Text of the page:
Now, sure, I've had to do it many times at this point, either for a day or overnight. But this was the longest stretch my wife had been away from the girls. I had already served up karma by leaving her the weekend before to go speak at a (really fun and lively!) Blog Connect conference. But you and I both know nobody bats an eye at a mom being left alone with the kids. Ridiculous, but true.
It's still a bit unusual to see a dad out with his kids by himself.
I'm hoping you can be part of a movement to start to change that, but that will take time.
Why Some Dads Are Scared to Go Out With Their Baby
At this point, it's second nature for me to take the kids out by myself. Some of you moms have told me that your husband never takes the baby out. I'm going to take an educated guess here and say that has nothing to do with ability. It has a lot to do with being afraid of failing. Guys really, really hate looking bad at doing things and not knowing what we're doing. Nothing encapsulates that more than a dad out alone with a baby, as babies are insane and will sometimes smile while they throw up on you. Toddlers will cry and laugh at the same time, which is psychotic. So while many moms will just think "Whatever, I'll make this work, I'm not staying in the house!", some dads think "Yeah.... rather not."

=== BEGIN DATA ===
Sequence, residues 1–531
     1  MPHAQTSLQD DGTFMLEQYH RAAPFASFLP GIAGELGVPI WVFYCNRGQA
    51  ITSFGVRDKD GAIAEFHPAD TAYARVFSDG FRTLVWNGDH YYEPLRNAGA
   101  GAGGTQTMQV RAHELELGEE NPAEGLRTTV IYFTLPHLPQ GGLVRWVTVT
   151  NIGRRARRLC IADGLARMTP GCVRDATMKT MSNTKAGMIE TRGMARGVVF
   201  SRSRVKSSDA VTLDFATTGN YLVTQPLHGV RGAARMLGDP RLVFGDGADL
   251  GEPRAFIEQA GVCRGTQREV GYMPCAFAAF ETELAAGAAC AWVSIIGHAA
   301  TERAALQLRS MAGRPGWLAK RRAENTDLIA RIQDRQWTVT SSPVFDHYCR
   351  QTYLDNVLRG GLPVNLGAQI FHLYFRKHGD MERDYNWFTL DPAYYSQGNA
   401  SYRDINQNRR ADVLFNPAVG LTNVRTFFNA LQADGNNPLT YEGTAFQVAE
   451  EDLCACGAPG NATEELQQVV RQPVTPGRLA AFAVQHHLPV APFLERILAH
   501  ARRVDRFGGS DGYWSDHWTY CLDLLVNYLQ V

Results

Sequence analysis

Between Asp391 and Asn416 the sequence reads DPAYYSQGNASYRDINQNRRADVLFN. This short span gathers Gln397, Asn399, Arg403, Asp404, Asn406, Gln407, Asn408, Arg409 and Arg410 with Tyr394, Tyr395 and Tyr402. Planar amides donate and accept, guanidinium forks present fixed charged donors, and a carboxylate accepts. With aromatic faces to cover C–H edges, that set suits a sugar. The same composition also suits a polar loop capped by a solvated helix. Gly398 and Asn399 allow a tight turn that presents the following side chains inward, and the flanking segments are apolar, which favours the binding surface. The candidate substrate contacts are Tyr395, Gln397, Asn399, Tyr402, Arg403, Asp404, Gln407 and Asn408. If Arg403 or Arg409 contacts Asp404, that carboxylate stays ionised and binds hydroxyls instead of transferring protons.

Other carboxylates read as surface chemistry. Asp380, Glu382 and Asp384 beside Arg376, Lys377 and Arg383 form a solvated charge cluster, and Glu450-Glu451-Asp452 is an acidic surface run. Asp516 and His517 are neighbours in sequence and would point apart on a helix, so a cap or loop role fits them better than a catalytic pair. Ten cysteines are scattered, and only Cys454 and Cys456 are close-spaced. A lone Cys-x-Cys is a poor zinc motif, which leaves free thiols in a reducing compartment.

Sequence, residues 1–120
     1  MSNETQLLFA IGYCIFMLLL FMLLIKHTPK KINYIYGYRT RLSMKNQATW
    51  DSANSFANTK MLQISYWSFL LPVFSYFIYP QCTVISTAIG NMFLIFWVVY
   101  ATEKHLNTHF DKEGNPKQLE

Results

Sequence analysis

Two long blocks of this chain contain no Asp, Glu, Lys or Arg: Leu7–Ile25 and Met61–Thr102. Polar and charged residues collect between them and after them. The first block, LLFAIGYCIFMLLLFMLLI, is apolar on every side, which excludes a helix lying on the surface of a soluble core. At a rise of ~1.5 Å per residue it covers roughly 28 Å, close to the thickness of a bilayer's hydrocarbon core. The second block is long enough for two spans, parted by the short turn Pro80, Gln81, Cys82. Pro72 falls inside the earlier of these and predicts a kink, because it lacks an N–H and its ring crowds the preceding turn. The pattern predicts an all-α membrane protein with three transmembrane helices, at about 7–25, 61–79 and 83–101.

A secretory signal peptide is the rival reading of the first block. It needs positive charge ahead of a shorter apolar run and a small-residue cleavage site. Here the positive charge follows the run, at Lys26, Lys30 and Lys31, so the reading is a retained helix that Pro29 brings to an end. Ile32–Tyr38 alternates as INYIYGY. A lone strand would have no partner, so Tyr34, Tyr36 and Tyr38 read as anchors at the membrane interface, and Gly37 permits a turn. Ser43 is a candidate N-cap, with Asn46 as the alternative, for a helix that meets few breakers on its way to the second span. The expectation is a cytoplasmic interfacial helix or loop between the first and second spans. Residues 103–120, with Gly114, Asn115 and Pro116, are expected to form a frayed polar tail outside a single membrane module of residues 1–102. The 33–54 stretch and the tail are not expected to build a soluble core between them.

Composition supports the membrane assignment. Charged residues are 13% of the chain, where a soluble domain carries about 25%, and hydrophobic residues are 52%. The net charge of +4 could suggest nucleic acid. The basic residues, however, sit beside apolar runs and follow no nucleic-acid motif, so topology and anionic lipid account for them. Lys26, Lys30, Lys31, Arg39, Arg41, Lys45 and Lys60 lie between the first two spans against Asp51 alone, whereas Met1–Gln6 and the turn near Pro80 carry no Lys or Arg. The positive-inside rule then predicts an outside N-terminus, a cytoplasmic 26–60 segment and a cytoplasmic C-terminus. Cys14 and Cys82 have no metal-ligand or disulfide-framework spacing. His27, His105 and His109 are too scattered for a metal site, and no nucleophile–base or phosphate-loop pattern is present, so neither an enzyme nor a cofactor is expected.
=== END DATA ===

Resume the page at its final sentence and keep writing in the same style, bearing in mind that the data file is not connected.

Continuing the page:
I'm telling you to embrace the challenge. Send your wife out for the morning for "me" time and play with your baby and feed them breakfast. Have errands to do? Take your toddler with you to a buffer (quick food!) while your wife gets to go into stores a thousand times faster... she secretly wouldn't mind errands as much if she could get them done quickly. Then you get her food to go. You get to eat, spend time with your kid, and your wife gets some alone time. Wins for everyone. Because dude, you can handle a meal. Or a morning. Or getting the baby down for a nap and sending your wife out to get a manicure while you wait for the baby to wake up. Every time you do that, you're becoming more confident as a dad and also making it easier for you to get some alone time as well. Make sense?